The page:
Notes from Josh
Is Anything Happening at the Kansas Legislature?? No…well maybe!
Very few bills are making it across the chamber floors, but lots of committee activity has led to KCGA weighing in on many more bills this session compared to 2019.
As some of you may have heard me discuss at a corn school or annual meeting, election years tend to streamline the Kansas Legislative session. Especially given the fact that this Legislature does not face a short-term inability to fund the state government or pending lawsuits. In general, streamlined years are good for agriculture because they provide added urgency to issues and help keep unfriendly bills from receiving a hearing. However, large social issues can jam things up, leading to further complications, which tend to add days to the session. The two larger social issues at play are Medicaid expansion and a proposed constitutional amendment on abortion. DON’T WORRY, you are not about to receive my take on the merits of either of these issues. I thoroughly enjoy lobbying SOLELY on agricultural issues, so you won’t ever see me take a stand publicly, and you’ll also have a hard time getting me to talk privately on these lightning rod issues!
So, why am I even bringing up these issues? Because the movement, or lack thereof, on these issues tend to either cause the legislature to go into warp speed or grind to a halt, with the latter being the case often! For the time being, the abortion amendment issue has stalled in the House, which has caused Senate Leadership to react by not considering House bills now. Granted, a lot of work is still happening at the committee level, so its inaccurate to say nothing is happening in Topeka. However, as we commonly see, many bills are being passed out of committee and sitting firmly below the line for consideration. As bills below the line stack up, we tend to see a combination of bills getting dropped and a mad dash at the end of session to work 18+ hour days. The first major deadline of the session, Turnaround, is next week, where all non-exempt bills need to move through the chamber of origin, or they are considered dead. (However, nothing is ever REALLY dead under the dome.)
Here is a brief overview of some of the primary bills that KCGA has weighed in on this session:
HB 2543– Expands the existing tax credit for fuel retailers installing alternative fuel infrastructure by making E15 and B20 and above blends eligible for the tax credit. This bill was introduced by Casey’s, and it will allow them to tap into the already existing tax credit for alternative fueling stations for their E15 and above infrastructure investments. This bill had a hearing on Tuesday, Feb.18th in House Taxation with KCGA, Renew Kansas, Casey’s, Kansas Soybean Association and Kansas Grain Sorghum Producers Association testifying in favor. Appearing in opposition were the Kansas branch of the American Petroleum Institute (API) and a private citizen who is an avid motorcyclist. API testified that the proliferation of E15 is already occurring, so why incentivize it, and the motorcyclist testified that he is concerned that motorcyclists will accidently put E15 in their tanks, despite the labels on the pumps. Despite that opposition, it was refreshing to have an ethanol discussion without outdated and inaccurate environmental and energy claims getting thrown out by the opposition.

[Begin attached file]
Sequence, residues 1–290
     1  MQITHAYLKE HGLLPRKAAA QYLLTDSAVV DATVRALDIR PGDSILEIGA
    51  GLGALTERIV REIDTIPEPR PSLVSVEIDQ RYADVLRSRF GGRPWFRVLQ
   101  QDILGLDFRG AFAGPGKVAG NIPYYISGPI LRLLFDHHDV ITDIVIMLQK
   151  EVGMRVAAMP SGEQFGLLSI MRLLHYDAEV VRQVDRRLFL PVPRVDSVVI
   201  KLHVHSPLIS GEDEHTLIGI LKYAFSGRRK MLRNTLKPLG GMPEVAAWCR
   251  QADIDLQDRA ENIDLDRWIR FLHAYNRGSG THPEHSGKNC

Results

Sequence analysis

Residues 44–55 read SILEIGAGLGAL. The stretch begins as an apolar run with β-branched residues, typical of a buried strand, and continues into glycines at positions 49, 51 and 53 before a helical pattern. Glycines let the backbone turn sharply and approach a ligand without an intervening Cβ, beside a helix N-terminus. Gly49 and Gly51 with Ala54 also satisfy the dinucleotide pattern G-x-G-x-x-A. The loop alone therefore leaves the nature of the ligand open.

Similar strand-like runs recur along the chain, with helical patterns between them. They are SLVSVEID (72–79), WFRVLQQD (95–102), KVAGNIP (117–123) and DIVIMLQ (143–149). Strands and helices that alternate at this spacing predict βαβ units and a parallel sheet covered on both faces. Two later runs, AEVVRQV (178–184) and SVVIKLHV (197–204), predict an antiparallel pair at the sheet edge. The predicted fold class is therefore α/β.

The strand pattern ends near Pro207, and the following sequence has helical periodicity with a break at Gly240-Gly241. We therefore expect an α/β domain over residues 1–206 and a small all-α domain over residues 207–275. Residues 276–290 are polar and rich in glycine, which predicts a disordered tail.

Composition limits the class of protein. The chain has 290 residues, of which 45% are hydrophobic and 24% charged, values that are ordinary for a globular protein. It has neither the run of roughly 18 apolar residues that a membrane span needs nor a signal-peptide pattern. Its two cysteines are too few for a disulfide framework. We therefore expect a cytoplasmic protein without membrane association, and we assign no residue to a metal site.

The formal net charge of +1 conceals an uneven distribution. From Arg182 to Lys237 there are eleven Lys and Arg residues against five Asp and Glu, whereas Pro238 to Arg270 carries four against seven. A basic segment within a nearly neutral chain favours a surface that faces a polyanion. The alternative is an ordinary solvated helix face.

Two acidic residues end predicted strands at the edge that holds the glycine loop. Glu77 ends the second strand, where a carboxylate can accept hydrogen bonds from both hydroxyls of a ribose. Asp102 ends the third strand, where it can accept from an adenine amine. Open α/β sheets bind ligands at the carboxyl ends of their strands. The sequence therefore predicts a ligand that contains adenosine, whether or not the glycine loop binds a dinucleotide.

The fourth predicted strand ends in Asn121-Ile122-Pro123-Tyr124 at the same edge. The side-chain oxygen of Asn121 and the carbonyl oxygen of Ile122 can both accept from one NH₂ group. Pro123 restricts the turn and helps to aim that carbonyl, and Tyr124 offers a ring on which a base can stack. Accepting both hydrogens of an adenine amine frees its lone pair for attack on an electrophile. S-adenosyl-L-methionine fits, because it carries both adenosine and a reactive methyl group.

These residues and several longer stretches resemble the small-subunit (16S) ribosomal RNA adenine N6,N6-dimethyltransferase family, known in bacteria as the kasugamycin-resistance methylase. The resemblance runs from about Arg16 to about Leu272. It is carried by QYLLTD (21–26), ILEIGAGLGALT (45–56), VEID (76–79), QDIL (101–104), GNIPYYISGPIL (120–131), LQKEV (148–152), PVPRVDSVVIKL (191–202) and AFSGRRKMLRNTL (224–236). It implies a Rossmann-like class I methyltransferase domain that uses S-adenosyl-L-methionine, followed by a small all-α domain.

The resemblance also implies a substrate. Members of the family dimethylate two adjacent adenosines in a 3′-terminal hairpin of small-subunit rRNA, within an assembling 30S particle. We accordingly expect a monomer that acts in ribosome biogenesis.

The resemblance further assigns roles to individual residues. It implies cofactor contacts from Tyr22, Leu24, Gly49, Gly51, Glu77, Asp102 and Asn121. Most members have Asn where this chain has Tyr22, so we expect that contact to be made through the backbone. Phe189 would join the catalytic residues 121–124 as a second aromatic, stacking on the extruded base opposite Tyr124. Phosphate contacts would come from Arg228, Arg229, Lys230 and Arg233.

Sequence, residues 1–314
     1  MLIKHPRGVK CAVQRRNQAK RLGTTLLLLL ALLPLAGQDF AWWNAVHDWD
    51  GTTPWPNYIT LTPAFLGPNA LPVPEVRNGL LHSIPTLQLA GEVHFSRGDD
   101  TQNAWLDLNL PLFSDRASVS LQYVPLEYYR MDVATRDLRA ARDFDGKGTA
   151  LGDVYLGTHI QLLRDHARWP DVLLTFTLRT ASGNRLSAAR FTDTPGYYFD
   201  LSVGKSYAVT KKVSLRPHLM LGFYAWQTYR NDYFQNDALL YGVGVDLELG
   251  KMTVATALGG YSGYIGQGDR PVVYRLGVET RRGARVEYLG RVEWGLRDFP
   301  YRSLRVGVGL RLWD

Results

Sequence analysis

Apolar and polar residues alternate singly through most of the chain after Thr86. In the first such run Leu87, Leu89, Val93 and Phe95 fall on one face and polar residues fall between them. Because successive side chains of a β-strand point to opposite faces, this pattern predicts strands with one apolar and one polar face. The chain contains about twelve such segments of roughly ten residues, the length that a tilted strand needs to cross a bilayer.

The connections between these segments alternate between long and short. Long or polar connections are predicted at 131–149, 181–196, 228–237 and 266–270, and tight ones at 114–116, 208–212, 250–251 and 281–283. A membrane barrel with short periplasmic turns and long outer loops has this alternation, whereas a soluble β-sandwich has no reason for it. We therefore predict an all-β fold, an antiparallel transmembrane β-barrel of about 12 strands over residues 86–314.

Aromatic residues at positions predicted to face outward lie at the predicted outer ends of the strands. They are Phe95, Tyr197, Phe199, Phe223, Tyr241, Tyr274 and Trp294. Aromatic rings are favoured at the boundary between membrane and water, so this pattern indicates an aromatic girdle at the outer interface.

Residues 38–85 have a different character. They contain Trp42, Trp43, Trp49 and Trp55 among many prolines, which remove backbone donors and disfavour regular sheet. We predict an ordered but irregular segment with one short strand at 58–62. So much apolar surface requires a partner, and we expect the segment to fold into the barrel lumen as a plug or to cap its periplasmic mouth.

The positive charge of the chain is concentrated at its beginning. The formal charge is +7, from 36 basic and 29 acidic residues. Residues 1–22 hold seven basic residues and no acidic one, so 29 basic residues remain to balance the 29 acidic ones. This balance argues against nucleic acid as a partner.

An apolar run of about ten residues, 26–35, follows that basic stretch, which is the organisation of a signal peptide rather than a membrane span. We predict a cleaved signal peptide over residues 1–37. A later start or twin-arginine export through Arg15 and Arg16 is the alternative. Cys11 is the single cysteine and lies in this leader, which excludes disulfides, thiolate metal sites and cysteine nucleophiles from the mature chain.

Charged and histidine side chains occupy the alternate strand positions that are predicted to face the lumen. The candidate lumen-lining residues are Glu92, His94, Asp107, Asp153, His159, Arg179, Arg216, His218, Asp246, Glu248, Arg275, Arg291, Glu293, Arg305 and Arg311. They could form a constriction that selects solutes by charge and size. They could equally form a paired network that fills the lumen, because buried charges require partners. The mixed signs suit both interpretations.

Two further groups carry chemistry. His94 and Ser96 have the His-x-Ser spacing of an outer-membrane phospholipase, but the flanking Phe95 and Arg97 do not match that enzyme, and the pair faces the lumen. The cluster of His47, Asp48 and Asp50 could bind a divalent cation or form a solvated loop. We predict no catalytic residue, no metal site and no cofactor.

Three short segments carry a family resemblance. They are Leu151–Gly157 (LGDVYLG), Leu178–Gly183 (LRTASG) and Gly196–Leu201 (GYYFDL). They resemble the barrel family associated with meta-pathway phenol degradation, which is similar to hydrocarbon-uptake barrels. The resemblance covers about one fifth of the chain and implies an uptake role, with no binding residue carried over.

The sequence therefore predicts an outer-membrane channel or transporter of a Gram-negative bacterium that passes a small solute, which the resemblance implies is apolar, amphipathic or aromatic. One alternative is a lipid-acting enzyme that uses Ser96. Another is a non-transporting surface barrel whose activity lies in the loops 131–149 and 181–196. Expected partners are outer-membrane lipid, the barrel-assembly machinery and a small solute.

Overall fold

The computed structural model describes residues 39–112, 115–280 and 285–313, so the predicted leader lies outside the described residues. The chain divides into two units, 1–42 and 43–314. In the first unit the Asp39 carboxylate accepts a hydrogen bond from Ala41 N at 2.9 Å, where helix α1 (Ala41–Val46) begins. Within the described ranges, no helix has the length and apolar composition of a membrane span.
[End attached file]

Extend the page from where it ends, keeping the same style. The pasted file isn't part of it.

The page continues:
HB 2437—Would require the labels on plant-based meats to contain language that the product “does not contain meat”. This bill passed out of the House Agriculture Committee and is sitting below the line in the House. I have heard it could come up for debate and a vote next week on the House floor. KCGA submitted testimony in support of this bill along with Grain Sorghum and Soybeans.
SB 270—Allows water rights perfected after 2008 to enroll in multi-year flex accounts (MYFAs). KCGA submitted testimony in support of this bill as MYFAs have been an effective tool in managing water rights.
SCR 1614—A Senate resolution urging the impairment claim in Rattlesnake Creek to be resolved in a non-regulatory manner. KCGA submitted testimony in support.
HB 2432—Creating the pesticide disposal waste program. KCGA submitted testimony in support.
Other bills that KCGA has signed on in combination with other agriculture groups: SB 267, relating to load securement requirements for silage trucks. HB 2460, providing an income tax credit for short line railroad upgrades.